Houston — To help achieve net zero carbon dioxide emissions by 2050, Vistra plans to spend $1.15 billion on solar and storage projects in California and Texas by 2022 and retire an additional 6.8 GW of coal assets by 2027, including all in Illinois and Ohio, the company said Sept. 29.
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Vistra President and CEO Curt Morgan in an investor call said his company is "well positioned to participate in the renewable and battery storage transformation."
Vistra also accelerated its greenhouse gas emissions cut targets to 60% below the 2010 baseline by 2030 from 50% and to net zero by 2050 from 80%.
Morris Greenberg, S&P Global Platts Analytics managing director of North American power, said these goals are likely feasible.
"Following late 2019 coal retirements, CO2 emissions are at 56.5% of 2010 levels," Greenberg said. "Emissions would only need to fall by 28 [million metric tons] to reach the target. The Midwest coal units planned for retirement accounted for about 20 mmt last year. Reaching net zero in 2050 will be far more challenging but is feasible with renewables and storage cost declines.".
Vistra plans to add the following capacity in California and Texas by 2022, at a combined cost of about $1.15 billion:
- 2020: California: 300 MW of energy storage by end of year
- 2021: California: 100 MW more energy storage
- 2021: Texas: 278 MW of solar
- 2022: California: 36.25 MW more energy storage
- 2022: Texas: 260 MW of energy storage
- 2022: Texas: 400 MW more solar
With these additions to Vistra's existing carbon-free assets, including the 2.3-GW Comanche Peak Nuclear Power Plant, the company would have 4,000 MW of zero-carbon generation.
The company also announced its next phase of coal plant closures in Illinois and Ohio with a combined capacity of more than 6.8 GW, by 2027. The plan has the following timeline:
- End of 2022: Edwards Power plant, Bartonville, Illinois, 585 MW, in the Midcontinent Independent System Operator.
- End of 2025: Baldwin Power Plant, Baldwin, Illinois, 1,185 MW; Joppa Power Plant, Joppa, Illinois, 1,002 MW (plus 239 MW of gas turbines), both in MISO.
- End of 2027: Newton Power Plant, Newton, Illinois, 615 MW, in MISO; and Kincaid Power plant, Kincaid, Illinois, 1,108 MW, Miami Fort Power Plant, North Bend, Ohio, 1,020 MW, and Zimmer Power Plant, Moscow, Ohio, 1,300 MW, all three in the PJM Interconnection.
"These plants, especially those operating in the irreparably dysfunctional MISO market, remain economically challenged," Vistra said in a Sept. 29 statement. "Today's retirement announcements are also prompted by upcoming Environmental Protection Agency filing deadlines, which require either significant capital expenditures for compliance or retirement declarations."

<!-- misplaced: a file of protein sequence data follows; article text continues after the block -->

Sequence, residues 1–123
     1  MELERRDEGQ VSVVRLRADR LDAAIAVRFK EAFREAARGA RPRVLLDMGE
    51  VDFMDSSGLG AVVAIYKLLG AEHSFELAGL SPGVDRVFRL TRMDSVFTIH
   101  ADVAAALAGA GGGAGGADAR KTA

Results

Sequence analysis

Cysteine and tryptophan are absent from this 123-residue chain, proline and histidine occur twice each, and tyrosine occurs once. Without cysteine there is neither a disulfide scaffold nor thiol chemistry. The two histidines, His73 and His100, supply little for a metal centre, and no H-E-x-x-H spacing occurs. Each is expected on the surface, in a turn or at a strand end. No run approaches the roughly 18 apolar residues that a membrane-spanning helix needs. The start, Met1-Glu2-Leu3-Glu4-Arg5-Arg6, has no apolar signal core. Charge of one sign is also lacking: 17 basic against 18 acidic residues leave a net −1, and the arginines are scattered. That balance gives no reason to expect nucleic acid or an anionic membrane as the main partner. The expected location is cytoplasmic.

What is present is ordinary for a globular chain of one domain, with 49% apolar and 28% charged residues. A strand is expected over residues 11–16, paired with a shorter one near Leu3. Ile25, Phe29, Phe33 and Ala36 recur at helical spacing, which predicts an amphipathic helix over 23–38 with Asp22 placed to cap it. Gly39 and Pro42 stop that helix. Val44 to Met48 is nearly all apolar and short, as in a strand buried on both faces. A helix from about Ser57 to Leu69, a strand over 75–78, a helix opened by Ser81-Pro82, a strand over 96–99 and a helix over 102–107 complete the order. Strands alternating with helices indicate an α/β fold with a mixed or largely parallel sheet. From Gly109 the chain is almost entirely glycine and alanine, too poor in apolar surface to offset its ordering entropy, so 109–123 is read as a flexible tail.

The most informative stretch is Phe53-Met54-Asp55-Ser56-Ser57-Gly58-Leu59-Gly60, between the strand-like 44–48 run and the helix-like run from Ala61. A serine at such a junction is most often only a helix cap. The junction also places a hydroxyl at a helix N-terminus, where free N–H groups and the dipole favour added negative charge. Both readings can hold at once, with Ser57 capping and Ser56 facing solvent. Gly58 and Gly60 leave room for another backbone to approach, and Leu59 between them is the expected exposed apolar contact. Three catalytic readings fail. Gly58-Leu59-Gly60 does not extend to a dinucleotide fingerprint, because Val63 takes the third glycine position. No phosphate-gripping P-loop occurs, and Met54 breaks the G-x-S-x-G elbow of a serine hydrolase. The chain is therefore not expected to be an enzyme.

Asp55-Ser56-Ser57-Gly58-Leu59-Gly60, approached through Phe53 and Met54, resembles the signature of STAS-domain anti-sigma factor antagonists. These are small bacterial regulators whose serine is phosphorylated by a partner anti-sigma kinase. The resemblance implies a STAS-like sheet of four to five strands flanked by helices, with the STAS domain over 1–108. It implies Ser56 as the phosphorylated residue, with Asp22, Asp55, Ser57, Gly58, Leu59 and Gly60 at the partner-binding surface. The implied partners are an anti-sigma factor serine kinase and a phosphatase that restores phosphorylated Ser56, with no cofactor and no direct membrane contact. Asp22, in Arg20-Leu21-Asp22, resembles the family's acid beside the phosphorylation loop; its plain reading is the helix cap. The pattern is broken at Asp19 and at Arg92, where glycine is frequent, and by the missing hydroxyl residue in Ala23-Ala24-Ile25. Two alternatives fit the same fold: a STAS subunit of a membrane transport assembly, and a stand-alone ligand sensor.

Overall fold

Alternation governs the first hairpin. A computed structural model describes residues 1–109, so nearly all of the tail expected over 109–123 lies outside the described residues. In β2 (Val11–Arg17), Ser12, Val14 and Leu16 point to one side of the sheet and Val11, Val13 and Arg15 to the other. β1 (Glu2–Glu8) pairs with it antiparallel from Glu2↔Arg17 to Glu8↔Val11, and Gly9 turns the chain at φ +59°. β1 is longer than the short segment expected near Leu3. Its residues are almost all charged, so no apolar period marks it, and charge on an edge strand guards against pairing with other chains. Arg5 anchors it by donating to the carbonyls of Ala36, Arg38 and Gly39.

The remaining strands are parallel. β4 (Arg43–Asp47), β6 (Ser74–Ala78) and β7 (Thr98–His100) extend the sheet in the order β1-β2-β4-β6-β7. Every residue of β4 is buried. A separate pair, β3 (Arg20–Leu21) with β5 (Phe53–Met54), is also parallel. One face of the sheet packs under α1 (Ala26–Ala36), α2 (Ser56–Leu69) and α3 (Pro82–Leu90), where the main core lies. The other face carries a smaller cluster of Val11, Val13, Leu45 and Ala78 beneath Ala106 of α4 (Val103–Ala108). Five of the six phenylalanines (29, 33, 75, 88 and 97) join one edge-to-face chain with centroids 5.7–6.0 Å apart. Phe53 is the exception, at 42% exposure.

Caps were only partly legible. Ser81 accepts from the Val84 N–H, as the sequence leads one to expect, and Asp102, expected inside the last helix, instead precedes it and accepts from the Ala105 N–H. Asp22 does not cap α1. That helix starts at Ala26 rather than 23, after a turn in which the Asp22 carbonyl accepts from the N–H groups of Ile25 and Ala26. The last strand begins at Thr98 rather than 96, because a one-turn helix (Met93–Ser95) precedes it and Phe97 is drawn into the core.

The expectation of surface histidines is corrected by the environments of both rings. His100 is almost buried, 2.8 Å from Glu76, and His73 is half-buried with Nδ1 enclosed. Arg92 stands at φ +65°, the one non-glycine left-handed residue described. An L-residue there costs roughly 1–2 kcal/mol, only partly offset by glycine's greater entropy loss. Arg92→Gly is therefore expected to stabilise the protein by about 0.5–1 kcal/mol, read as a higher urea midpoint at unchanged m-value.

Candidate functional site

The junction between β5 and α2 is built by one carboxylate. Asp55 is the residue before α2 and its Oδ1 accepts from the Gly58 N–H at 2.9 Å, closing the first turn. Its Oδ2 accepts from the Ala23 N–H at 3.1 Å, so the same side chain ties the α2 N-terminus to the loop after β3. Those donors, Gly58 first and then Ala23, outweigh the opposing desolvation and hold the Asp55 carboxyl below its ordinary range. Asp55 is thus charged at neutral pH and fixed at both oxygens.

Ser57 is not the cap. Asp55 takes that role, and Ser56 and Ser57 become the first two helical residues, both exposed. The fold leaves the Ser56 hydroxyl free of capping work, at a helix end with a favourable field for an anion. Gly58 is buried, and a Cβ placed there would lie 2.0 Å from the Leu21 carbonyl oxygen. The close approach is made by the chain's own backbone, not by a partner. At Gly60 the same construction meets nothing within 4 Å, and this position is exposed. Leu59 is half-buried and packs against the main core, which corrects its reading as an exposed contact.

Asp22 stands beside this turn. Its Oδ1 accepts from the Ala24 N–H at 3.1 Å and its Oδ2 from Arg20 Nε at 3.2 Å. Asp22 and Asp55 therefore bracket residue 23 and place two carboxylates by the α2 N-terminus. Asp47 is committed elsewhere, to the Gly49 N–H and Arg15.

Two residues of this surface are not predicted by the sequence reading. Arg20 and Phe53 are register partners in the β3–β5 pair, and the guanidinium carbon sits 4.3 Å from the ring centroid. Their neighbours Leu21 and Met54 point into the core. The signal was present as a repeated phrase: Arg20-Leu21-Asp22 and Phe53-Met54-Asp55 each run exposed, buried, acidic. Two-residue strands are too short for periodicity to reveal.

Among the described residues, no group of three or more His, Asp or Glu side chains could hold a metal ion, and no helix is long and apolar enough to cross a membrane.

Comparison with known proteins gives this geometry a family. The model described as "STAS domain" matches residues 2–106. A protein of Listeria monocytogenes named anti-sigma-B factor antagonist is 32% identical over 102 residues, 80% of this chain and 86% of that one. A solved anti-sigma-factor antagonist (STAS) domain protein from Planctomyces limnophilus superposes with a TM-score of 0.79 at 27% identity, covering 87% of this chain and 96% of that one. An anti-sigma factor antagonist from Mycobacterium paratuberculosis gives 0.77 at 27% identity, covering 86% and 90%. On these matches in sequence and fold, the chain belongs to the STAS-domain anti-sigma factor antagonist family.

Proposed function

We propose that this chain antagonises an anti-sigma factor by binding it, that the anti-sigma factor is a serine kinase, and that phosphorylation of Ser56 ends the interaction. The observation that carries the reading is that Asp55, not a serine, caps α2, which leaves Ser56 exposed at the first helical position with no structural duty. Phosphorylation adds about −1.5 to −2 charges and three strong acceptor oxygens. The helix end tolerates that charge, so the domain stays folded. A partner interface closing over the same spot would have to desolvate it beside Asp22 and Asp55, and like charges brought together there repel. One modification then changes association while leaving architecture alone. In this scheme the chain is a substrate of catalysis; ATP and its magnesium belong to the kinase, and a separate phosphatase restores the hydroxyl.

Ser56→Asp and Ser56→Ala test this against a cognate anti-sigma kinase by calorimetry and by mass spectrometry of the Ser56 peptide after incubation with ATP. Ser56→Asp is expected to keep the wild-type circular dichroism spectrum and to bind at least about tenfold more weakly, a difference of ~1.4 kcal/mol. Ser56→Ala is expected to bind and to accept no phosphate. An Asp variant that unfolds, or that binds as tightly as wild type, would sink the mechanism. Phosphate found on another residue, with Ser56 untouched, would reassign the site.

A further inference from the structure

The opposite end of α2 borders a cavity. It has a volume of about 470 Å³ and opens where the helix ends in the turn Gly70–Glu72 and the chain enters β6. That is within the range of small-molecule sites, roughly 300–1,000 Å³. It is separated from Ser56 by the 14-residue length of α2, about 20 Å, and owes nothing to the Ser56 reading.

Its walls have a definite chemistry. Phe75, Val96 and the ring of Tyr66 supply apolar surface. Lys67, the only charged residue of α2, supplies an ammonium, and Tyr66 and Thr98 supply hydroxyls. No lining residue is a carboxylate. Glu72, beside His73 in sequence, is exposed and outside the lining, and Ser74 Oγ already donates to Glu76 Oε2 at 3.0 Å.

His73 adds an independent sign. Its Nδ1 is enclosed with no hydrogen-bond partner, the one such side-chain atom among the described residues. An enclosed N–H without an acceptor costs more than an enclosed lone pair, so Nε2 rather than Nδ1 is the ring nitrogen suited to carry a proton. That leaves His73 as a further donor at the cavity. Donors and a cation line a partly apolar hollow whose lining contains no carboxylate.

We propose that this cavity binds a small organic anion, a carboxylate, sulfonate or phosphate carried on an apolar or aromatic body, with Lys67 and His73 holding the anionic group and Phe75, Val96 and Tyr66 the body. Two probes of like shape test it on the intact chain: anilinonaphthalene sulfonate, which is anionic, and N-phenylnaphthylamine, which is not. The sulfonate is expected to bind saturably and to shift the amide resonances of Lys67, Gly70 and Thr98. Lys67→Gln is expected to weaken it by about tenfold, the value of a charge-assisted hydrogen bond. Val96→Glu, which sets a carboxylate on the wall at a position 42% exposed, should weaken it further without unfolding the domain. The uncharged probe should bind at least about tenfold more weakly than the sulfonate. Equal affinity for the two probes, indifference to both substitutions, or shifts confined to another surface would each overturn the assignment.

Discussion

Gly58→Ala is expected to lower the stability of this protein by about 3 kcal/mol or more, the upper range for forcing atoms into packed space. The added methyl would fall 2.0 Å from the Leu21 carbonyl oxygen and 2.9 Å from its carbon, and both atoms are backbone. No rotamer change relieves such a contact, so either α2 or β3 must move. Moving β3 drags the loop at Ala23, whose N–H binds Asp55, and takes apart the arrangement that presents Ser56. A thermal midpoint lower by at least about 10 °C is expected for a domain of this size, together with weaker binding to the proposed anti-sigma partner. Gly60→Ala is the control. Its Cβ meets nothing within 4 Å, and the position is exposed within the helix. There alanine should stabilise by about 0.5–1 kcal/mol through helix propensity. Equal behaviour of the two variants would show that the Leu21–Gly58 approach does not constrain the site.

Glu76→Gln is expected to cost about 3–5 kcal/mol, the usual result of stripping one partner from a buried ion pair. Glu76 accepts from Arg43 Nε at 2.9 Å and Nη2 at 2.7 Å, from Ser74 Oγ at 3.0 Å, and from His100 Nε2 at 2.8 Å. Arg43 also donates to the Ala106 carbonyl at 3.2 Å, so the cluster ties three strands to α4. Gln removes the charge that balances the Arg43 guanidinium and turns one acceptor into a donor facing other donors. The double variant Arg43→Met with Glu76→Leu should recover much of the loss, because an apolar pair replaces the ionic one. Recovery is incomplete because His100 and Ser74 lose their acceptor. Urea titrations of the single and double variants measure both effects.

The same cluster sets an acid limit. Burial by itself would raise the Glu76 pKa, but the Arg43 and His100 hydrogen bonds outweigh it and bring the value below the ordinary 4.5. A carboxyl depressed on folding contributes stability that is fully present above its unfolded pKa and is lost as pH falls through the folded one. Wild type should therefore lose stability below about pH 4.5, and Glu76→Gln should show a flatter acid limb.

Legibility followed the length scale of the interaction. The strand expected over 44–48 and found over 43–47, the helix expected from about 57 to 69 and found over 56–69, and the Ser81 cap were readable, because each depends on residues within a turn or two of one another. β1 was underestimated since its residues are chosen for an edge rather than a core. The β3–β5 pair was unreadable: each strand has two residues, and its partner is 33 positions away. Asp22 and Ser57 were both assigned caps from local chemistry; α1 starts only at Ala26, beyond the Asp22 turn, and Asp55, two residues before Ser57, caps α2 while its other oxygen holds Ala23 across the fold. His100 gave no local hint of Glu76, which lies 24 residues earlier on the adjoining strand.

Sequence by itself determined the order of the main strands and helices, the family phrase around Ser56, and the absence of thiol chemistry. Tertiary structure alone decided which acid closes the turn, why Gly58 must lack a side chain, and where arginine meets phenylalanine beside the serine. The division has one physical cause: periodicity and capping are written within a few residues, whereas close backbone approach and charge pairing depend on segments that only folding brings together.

Kieran Kemmerer, a Platts analytics power market analyst, said the retirements "would tighten energy and capacity markets" in MISO and PJM.
"This is especially true of the Kincaid plant if the Byron and Dresden nuclear plants (also in the Com Ed load distribution area) retire," Kemmerer said. "It is not clear whether Illinois will permit construction of new combined cycles given their clean energy goals."
Morgan said that Vistra's plans should generate between $900 million and $1 billion in incremental EBITDA by 2030, representing about 15% or more total annual returns per share.
Joshua Rhodes, a University of Texas Energy Institute's Webber Energy Group research associate, said the portfolio shift represents "a realistic look at where the world is headed. Also, many coal plants are reaching the ends of their useful lives anyways, so its either invest in them, which no one wants to do, or move on to the new best technology, like we have always done," he said.
Vistra also announced that it is on track to beat the midpoint of its previous 2020 earnings guidance, between $3.285 billion and $3.585 billion, and now expects EBITDA in the range of $3.485 billion to $3.685 billion.
In 2021, Vistra advised that it expects EBITDA to range from $3.075 billion and $3.475 billion, with the more modest earnings guildance reflecting the effects of one-time capital expenses and continued risk from the novel coronavirus pandemic.
"COVID-19 continues to create economic uncertainty potentially into at least the first half of 2021," Morgan said. "While Texas [power] demand in 2020 is back to pre-COVID-19 levels, COVID-19 did eliminate approximately one year of demand growth. We expect some renewable development will be delayed as a result. So in our view, the full impacts of COVID- 19 are still being digested by the market."
ERCOT 'fundamentally tight'
The Electric Reliability Council of Texas summer 2021 forward curves do not yet reflect the fundamentally tight power market conditions as perceived by Vistra, Morgan said.
On Sept. 28, S&P Global Platts assessed the ERCOT North Hub August 2021 on-peak contract at $114.93/MWh. ERCOT North Hub day-ahead on-peak power prices $51.30/MWh in August 2020 and $182.41/MWh in August.
"So 2019 was -- I think -- it was not an overly hot summer, but we saw good scarcity," Morgan said. "And that was a combination of sort of normal power plant outages that you expect to see in the summers. And then we we had some days where wind was very low. ... We saw less scarcity events in 2020. And it doesn't take much at all to move that, and you can see $1,000-plus/MWh events out there or you can see $40 or something like that."
Another issue in 2020 was that the 2020 had more scarcity events over the weekend, when more generation was on outage status and wind died down, Morgan said.
"That kind of opened our eyes and gave us some confidence in our fundamental modeling that this market is still fundamentally tight," Morgan said.